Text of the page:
US to shift most of naval fleet to Pacific by 2020 | Pakistan Today

US to shift most of naval fleet to Pacific by 2020

The United States will shift the bulk of its naval fleet to the Pacific by 2020 as part of a new strategic focus on Asia, Pentagon chief Leon Panetta told a summit in Singapore on Saturday.
The decision to deploy more ships to the Pacific Ocean, along with expanding a network of military partnerships, was part of a “steady, deliberate” effort to bolster the US role in an area deemed vital to America’s future, he said.
And he insisted the switch in strategy was not a challenge to China, saying both countries had a common interest in promoting security and trade in the region.
Panetta said “by 2020, the Navy will re-posture its forces from today’s roughly 50/50 percent split between the Pacific and the Atlantic to about a 60/40 split between those oceans.
“That will include six aircraft carriers in this region, a majority of our cruisers, destroyers, littoral combat ships, and submarines.”
The US Navy currently has a fleet of 285 ships, with about half of those vessels deployed or assigned to the Pacific. Although the total size of the overall fleet may decline in coming years depending on budget pressures, Pentagon officials said the number of naval ships in the Pacific would rise in absolute terms. The United States also planned to expand military exercises in the Pacific and to conduct more port visits over a wider area extending to the Indian Ocean.
Panetta was speaking to mainly Asian defence officials and officers from 27 countries at the Shangri-La Dialogue, an annual summit organised by the London-based International Institute for Strategic Studies.
Unlike previous summits, China chose not to send a high-level delegation to the event, prompting speculation as to what lay behind the move.
Since President Barack Obama unveiled plans in January to shift towards Asia, the Pentagon has offered up few details about how it intends to achieve its goal. Saturday’s announcement on the future of the US fleet provided the clearest evidence yet of a shift to Asia, and the speech appeared designed to reassure allies that Washington will back its much-publicised “pivot” to Asia with tangible action.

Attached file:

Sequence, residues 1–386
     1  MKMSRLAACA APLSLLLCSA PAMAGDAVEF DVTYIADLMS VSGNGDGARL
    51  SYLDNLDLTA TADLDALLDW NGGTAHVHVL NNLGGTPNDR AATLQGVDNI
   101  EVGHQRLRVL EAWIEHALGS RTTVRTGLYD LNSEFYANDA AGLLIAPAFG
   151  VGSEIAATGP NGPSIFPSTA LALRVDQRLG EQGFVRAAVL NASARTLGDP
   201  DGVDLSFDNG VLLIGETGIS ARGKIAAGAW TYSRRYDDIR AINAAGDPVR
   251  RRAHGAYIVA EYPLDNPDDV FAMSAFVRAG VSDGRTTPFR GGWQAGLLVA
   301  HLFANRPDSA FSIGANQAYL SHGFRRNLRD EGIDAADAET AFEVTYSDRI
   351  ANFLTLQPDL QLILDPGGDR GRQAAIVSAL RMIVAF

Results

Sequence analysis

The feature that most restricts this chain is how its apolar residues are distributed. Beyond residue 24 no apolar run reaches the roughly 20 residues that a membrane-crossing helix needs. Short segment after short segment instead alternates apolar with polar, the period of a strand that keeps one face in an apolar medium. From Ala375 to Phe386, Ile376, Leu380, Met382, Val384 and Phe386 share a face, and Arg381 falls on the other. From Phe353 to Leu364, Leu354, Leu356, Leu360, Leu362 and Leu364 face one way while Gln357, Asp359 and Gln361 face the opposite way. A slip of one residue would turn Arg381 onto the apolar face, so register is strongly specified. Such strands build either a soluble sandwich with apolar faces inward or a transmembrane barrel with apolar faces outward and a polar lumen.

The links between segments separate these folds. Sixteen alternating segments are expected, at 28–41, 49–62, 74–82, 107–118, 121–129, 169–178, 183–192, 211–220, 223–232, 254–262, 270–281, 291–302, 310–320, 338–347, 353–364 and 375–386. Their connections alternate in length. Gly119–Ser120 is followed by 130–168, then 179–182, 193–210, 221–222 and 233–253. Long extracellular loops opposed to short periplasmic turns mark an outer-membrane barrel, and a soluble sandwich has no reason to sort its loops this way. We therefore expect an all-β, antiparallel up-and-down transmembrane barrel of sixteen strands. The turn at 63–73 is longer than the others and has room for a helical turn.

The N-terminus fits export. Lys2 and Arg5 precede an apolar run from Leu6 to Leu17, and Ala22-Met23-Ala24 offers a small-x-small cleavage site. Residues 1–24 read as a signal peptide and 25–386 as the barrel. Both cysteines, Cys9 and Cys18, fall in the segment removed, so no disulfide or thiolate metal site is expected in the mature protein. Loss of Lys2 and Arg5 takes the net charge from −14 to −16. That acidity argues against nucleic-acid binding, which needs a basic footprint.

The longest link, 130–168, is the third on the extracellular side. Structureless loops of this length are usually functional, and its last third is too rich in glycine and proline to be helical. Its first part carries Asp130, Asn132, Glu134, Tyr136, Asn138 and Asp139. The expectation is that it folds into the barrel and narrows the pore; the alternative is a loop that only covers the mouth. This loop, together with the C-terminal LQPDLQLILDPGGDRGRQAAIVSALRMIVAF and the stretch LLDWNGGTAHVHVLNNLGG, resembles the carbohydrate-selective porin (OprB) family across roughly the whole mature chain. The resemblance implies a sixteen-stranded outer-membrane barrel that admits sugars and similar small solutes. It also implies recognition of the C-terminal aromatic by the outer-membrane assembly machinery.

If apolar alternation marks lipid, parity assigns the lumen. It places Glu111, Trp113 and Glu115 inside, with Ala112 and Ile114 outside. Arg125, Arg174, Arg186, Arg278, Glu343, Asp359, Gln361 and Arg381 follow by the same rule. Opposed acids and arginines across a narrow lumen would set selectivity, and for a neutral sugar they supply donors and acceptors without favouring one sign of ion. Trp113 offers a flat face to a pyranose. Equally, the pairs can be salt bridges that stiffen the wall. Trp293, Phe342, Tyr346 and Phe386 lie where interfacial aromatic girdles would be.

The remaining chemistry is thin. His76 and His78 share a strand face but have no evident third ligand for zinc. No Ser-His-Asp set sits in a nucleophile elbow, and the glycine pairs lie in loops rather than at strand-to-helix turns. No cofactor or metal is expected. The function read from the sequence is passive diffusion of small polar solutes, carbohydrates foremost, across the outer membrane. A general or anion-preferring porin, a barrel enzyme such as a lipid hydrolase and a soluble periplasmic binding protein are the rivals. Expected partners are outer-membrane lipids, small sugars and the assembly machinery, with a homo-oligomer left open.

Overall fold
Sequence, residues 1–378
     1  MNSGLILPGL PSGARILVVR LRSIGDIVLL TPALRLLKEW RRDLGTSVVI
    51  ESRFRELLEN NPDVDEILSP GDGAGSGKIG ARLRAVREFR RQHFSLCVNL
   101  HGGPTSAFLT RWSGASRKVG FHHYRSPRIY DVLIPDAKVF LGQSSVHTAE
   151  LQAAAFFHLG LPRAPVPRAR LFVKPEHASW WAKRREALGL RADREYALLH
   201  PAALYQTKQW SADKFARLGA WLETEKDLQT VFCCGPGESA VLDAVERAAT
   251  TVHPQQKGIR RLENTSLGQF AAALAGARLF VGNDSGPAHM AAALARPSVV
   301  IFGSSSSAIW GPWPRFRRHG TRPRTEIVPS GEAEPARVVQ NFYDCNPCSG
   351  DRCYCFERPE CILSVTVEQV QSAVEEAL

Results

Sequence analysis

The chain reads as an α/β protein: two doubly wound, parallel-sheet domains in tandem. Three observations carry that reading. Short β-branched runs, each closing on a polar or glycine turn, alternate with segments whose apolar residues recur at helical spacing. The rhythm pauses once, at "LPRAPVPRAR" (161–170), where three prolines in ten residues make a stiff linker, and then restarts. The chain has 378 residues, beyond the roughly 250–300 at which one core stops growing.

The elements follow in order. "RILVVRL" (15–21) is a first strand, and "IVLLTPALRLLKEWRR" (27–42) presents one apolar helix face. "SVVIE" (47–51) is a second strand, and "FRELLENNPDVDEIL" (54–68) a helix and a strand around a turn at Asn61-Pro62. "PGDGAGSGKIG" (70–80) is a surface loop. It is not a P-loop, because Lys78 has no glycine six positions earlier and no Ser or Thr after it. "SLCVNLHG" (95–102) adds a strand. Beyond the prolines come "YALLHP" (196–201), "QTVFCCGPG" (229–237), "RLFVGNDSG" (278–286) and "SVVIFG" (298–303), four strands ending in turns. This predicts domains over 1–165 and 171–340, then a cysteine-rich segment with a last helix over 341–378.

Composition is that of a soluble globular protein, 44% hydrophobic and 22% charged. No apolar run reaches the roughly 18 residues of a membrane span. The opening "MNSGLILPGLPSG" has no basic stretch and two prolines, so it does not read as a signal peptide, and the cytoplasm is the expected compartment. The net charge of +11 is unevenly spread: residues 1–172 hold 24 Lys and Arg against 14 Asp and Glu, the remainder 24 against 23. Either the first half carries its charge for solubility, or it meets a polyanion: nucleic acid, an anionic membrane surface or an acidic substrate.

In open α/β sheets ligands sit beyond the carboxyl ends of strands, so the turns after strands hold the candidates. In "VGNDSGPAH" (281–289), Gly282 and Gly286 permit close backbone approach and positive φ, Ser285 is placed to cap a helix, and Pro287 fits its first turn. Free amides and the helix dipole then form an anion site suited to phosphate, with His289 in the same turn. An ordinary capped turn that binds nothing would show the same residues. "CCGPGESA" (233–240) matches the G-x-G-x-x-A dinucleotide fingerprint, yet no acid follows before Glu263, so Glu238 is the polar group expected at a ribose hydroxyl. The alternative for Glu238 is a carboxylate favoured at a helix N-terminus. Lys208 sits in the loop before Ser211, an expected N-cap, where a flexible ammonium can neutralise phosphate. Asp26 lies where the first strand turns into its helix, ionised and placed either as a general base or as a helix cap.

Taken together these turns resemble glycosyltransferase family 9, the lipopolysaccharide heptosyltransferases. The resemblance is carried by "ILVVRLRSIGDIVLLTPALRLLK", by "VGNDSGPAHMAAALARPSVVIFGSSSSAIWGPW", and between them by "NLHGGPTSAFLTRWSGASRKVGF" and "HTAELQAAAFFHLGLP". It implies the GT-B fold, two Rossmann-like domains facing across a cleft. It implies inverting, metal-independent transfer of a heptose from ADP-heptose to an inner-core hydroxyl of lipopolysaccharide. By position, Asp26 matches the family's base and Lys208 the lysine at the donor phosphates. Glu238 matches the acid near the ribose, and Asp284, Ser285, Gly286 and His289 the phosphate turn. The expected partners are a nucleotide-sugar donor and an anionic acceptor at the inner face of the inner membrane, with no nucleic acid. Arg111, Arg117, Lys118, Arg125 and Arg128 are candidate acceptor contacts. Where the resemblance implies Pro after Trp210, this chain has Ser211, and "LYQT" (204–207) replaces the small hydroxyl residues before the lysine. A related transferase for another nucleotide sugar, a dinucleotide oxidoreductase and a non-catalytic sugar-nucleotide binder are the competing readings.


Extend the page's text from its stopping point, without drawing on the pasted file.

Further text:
But US Senator John McCain, attending the summit in Singapore, said he was concerned the US Navy lacked the resources to carry out Obama’s vision. “I think the commitment is excellent but the reality is the defence cuts that this administration is contemplating will make it very difficult to maintain that kind of commitment,” McCain told reporters.
In his speech, Panetta said budget woes in Washington would not affect the plan to tilt towards Asia, which he said would take years to fully realise.
The United States planned new investments in capabilities needed “to project power and operate in the Asia-Pacific,” including radar-evading fighter jets, a new long-distance bomber, electronic warfare and missile defences, he said. “But make no mistake — in a steady, deliberate, and sustainable way — the United States military is rebalancing and is bringing an enhanced capability and development to this vital region,” he added.
Amid a growing US-China rivalry, American officials privately acknowledge the push for a larger military footprint is meant to reinforce US diplomacy when confronting Beijing’s assertive stance in the South China Sea.
But Panetta insisted that Washington wanted dialogue with Beijing and not conflict. “Some view the increased emphasis by the United States on the Asia-Pacific region as some kind of challenge to China. I reject that view entirely,” he said. “Our effort to renew and intensify our involvement in Asia is fully compatible… with the development and growth of China. Indeed, increased US involvement in this region will benefit China as it advances our shared security and prosperity for the future.”
In laying out core US principles in the region, Panetta made clear Washington opposed any attempt by Beijing to make unilateral moves in its push for territorial rights in the South China Sea, where a number of countries have overlapping claims. Disputes had to be resolved through agreed-upon rules among all countries and based on international law, he said.

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